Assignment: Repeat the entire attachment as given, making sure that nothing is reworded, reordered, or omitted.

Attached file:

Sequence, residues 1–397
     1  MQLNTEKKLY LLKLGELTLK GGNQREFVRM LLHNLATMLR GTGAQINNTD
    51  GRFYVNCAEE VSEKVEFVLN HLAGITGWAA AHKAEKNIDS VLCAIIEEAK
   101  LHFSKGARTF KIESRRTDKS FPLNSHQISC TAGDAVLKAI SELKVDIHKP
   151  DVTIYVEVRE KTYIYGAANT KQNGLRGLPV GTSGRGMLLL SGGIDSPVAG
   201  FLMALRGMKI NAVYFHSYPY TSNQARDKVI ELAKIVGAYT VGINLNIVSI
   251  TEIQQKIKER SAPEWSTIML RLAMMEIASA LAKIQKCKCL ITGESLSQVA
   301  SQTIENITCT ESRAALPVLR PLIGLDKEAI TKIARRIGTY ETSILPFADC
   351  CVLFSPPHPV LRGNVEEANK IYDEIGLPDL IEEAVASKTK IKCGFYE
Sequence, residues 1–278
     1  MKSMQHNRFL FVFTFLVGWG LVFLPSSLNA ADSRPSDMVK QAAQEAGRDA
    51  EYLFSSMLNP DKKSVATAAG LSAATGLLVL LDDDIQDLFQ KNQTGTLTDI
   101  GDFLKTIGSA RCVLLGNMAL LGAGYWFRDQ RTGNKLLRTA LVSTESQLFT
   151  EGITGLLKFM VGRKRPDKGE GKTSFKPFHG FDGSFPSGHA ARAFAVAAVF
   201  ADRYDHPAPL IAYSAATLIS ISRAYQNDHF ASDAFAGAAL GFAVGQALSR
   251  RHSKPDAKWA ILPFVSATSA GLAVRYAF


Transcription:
Sequence, residues 1–397
     1  MQLNTEKKLY LLKLGELTLK GGNQREFVRM LLHNLATMLR GTGAQINNTD
    51  GRFYVNCAEE VSEKVEFVLN HLAGITGWAA AHKAEKNIDS VLCAIIEEAK
   101  LHFSKGARTF KIESRRTDKS FPLNSHQISC TAGDAVLKAI SELKVDIHKP
   151  DVTIYVEVRE KTYIYGAANT KQNGLRGLPV GTSGRGMLLL SGGIDSPVAG
   201  FLMALRGMKI NAVYFHSYPY TSNQARDKVI ELAKIVGAYT VGINLNIVSI
   251  TEIQQKIKER SAPEWSTIML RLAMMEIASA LAKIQKCKCL ITGESLSQVA
   301  SQTIENITCT ESRAALPVLR PLIGLDKEAI TKIARRIGTY ETSILPFADC
   351  CVLFSPPHPV LRGNVEEANK IYDEIGLPDL IEEAVASKTK IKCGFYE
Sequence, residues 1–278
     1  MKSMQHNRFL FVFTFLVGWG LVFLPSSLNA ADSRPSDMVK QAAQEAGRDA
    51  EYLFSSMLNP DKKSVATAAG LSAATGLLVL LDDDIQDLFQ KNQTGTLTDI
   101  GDFLKTIGSA RCVLLGNMAL LGAGYWFRDQ RTGNKLLRTA LVSTESQLFT
   151  EGITGLLKFM VGRKRPDKGE GKTSFKPFHG FDGSFPSGHA ARAFAVAAVF
   201  ADRYDHPAPL IAYSAATLIS ISRAYQNDHF ASDAFAGAAL GFAVGQALSR
   251  RHSKPDAKWA ILPFVSATSA GLAVRYAF